How has your previous professional experience enriched you to run PMG today? And what would you say have been the main milestones and achievements of PMG Pharma since its creation?
I should start by mentioning that my professional background starts with a long term experience in a multinational company – Boehringer Mannheim. I first came to Chile in order to run the pharmaceutical division of the company here and most of the people that are in management positions at PMG Pharma today have been my colleagues throughout the Boehringer and Pentafarma experiences. Together we all bring to PMG Pharma our knowledge and experience of working with both multinational and local companies in Chile. We initially decided to start our own business when Boehringer Mannheim was bought by Roche. Although I was given the opportunity to continue as the head of the Pharmaceutical Division for Roche, I decided to go independent and this is how Pentafarma was created. We started with a very small company and had tremendous development through the years, especially when we took over the Chilean subsidiary of one of the biggest haemodialysis companies in the world back in 2000. Pentafarma grew so fast that the headquarters of that subsidiary decided to buy Pentafarma as a pilot program for other companies that they own around the world. After the acquisition I still had to manage Pentafarma for some years as stipulated by the acquisition agreement. It was only after that that I joined PMG Pharma at the end of 2010, which operates in the same specialized areas of diabetes and nephrology.
How would you evaluate PMG Pharma’s performance in terms of growth, revenue and market share?
Taking into consideration that PMG Pharma started functioning as a structured company in 2007, we have witnessed a very strong development in the last 3 years. Our internal target for the next five years is to reach a turnover of US$20million which for Chile makes us rank among the most important companies in our area.
As a company that specializes in commercializing and distributing pharmaceutical products for severe diseases, such as diabetes and nephrology/dialysis, what would you say are the main challenges that PMG Pharma faces in the Chilean pharmaceutical market today?
Even though the market we are operating is growing steadily at an average of 8% net growth per year, the country still suffers from limited resources for public healthcare. Despite this, ever since the creation of our company, we have brought a change in the way dialysis is administered in Chile. Our key success factor was the ability to bring optimised procedures adapted to the Chilean health sector, working with very pioneering materials and the most innovative equipment on the market. Our advantage to address this challenge is the qualified management team that has great expertise in this domain.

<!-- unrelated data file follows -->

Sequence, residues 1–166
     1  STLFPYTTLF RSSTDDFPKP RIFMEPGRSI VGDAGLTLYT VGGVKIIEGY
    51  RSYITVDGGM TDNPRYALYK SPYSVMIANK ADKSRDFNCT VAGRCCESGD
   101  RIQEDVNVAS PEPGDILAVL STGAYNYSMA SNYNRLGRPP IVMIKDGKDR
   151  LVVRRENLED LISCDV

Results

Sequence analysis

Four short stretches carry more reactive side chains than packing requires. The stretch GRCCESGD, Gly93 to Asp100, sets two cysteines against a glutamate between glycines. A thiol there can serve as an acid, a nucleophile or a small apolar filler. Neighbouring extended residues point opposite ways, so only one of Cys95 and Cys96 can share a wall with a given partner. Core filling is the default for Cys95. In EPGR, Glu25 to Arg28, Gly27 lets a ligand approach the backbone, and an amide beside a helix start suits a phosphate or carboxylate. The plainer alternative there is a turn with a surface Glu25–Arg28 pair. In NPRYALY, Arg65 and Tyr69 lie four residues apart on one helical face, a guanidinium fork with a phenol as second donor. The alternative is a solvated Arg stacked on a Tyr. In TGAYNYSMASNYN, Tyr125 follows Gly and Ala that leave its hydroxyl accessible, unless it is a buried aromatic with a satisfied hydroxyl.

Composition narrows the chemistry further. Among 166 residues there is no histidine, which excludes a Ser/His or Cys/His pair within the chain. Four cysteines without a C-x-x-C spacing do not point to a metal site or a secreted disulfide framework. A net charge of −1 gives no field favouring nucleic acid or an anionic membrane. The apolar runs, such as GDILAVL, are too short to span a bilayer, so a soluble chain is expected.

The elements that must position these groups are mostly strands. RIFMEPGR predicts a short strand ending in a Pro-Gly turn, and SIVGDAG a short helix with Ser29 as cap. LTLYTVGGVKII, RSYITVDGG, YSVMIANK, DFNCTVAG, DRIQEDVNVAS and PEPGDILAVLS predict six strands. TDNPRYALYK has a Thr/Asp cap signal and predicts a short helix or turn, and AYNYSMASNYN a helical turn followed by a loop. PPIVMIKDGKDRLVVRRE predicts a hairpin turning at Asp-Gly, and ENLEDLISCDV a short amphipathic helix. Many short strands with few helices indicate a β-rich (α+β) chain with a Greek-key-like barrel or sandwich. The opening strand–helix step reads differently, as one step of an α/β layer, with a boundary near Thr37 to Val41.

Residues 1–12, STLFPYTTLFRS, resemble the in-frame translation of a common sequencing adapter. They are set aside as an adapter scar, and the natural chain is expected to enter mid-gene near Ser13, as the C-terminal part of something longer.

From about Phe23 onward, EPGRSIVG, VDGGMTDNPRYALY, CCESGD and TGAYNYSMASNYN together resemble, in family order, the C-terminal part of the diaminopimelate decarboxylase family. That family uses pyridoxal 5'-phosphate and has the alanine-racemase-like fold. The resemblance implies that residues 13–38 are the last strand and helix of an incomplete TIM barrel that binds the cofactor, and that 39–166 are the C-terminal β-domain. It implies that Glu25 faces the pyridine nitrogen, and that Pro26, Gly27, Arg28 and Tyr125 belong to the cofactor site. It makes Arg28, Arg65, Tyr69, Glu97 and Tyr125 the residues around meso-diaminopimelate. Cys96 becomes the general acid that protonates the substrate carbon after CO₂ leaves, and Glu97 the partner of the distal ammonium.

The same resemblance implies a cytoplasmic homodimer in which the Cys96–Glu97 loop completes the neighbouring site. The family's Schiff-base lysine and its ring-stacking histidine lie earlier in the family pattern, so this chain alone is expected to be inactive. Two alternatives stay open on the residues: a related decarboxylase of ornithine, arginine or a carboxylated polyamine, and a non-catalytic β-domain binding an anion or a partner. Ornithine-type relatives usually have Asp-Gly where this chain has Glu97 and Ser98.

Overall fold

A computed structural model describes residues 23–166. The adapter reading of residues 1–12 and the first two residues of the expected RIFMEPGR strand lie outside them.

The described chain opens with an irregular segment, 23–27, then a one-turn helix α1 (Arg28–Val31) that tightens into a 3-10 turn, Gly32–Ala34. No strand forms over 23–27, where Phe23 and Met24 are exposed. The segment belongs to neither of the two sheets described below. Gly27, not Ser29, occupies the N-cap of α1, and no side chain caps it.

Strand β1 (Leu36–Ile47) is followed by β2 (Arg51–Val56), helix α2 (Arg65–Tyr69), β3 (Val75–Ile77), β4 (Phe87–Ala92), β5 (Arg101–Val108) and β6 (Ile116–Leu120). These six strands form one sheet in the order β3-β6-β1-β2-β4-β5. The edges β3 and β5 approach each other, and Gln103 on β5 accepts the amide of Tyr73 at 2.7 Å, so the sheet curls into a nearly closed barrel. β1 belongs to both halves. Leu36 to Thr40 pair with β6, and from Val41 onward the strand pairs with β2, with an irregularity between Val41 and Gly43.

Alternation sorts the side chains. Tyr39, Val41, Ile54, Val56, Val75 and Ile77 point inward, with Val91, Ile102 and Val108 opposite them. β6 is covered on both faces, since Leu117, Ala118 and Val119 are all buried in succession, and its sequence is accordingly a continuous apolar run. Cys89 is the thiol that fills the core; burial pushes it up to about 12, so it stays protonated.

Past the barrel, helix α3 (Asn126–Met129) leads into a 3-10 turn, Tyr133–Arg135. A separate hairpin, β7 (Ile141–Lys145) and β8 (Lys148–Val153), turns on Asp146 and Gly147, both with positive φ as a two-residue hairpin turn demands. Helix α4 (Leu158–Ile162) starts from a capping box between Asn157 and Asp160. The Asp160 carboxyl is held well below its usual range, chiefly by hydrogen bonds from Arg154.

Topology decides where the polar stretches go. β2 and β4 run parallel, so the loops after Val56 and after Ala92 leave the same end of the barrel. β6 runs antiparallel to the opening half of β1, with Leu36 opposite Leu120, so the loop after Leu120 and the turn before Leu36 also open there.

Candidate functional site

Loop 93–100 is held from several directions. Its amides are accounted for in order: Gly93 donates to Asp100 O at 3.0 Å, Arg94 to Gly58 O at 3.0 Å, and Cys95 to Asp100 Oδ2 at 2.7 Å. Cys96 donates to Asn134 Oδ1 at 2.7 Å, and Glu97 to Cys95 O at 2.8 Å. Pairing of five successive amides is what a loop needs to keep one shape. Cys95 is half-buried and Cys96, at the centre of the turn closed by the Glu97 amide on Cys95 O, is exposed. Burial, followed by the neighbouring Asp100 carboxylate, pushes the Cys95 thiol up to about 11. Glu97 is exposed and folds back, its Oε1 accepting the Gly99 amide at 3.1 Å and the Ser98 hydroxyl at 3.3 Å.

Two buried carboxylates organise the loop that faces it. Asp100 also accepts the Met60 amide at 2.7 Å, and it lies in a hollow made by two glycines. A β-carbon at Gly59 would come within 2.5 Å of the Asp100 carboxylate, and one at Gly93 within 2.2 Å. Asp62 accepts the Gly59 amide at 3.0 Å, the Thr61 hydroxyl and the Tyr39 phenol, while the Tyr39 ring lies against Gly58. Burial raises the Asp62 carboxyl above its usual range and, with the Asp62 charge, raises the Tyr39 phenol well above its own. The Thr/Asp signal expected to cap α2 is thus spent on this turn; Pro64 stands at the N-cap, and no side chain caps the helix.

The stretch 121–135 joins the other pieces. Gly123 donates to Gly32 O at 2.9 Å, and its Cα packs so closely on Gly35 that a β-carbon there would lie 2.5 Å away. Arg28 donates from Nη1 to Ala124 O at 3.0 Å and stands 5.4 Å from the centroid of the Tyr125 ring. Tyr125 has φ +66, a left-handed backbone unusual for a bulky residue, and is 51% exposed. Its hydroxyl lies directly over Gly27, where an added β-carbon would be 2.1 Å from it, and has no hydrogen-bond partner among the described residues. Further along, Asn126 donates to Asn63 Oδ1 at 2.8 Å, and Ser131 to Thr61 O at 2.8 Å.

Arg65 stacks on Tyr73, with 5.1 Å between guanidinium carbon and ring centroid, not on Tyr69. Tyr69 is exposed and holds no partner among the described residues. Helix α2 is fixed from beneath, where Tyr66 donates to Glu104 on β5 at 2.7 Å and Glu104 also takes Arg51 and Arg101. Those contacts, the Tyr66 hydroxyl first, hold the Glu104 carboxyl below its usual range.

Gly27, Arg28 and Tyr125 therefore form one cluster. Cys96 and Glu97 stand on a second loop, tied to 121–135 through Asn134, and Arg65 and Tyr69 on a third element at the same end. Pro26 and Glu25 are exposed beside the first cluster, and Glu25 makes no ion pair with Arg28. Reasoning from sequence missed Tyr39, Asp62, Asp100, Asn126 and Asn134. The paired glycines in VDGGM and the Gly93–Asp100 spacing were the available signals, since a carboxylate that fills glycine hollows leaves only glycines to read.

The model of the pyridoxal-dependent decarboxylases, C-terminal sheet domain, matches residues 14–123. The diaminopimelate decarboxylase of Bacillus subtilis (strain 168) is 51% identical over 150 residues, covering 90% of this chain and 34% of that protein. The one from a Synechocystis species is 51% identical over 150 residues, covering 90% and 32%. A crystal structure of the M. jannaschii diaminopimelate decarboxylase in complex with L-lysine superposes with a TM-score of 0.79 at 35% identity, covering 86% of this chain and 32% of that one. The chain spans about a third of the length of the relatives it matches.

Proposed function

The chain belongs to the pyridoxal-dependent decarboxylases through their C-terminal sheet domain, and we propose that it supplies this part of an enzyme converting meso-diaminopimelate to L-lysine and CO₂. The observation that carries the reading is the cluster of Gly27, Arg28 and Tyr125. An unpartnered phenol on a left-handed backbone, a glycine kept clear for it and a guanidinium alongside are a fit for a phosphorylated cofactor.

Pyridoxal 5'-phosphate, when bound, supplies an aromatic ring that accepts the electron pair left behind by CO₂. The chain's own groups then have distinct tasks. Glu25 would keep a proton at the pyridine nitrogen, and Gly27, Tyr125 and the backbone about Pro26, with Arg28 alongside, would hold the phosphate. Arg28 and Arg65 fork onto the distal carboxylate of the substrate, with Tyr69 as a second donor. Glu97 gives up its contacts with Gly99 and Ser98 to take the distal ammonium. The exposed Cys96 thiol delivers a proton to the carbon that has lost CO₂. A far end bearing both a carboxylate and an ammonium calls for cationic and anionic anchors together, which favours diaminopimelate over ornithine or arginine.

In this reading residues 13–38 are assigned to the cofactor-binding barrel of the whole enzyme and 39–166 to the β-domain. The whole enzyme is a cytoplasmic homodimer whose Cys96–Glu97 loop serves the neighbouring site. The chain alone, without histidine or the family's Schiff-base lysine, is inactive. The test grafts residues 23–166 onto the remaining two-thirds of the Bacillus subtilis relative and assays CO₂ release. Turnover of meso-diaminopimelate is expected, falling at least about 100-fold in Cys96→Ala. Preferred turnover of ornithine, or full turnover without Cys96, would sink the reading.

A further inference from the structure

PMG Pharma’s products are specific to the chronic disease areas of diabetes and renal conditions. How are your products favored by the public versus the private market?
Our market in Chile is a mix between private and public: most of the dialysis clinics are run by private owners that can be physicians, nephrologists or nurses, with their treatments financed by the state. Instead of building public facilities the government encouraged private ownership of the clinics. Today more than 90% of the clinics are private, but they are still covered under the national GES plan that reimburses them for the treatments they administer. In my opinion, this system runs very efficiently and it makes it possible for the official authorities to control and improve the quality of dialysis in the different clinics.
Do you fear that the pharmaceutical products you distribute on behalf of international innovative companies might be copied? What does PMG Pharma do to prevent imitations?
Nowadays generics are gaining ground on the international level, and to a higher extent in developing countries, such as Latin America, where healthcare systems face financial limitations. Even though Chile has a very stable economy and good political situation, it started to develop its education and healthcare sectors at a very late stage in time. For this reason, there are still issues that need improvement in Chile today. With the introduction of patent laws some years ago, original products are protected from imitations for a number of years. Once the patent expires, no one can avoid copies from being produced very quickly. The positive side is that in Chile generic producers have very modern production facilities that operate under GMP standards and other international certifications.
Given that the public system is your biggest client, how has the debt of the national healthcare system affected PMG Pharma’s operations?
We experienced a long delay of payments from CENABAST in the past, but I must say that since the end of 2009 we had the fortune to be paid on time. In the past years, some payments from the government took up to 180-220 days or even more. This delay period was a very difficult situation for small companies, but things have improved considerably this year, at least for us.
Given that much of your products are bought through CENABAST, how have you developed your relationship with that institution?
We participate in tenders for CENABAST, but we also sell directly to the hospitals. Some of our competitors have chosen to sell their products directly to hospitals due to better payment conditions than those of CENABAST. Generally, hospitals are obliged to have between 60% and 70% of their contracts intermediated by CENABAST, and for the rest they are free to contract directly with the suppliers. Starting this year the circumstances change because the new regulation asks CENABAST to fulfill several contractual conditions such as paying within a stipulated timeframe.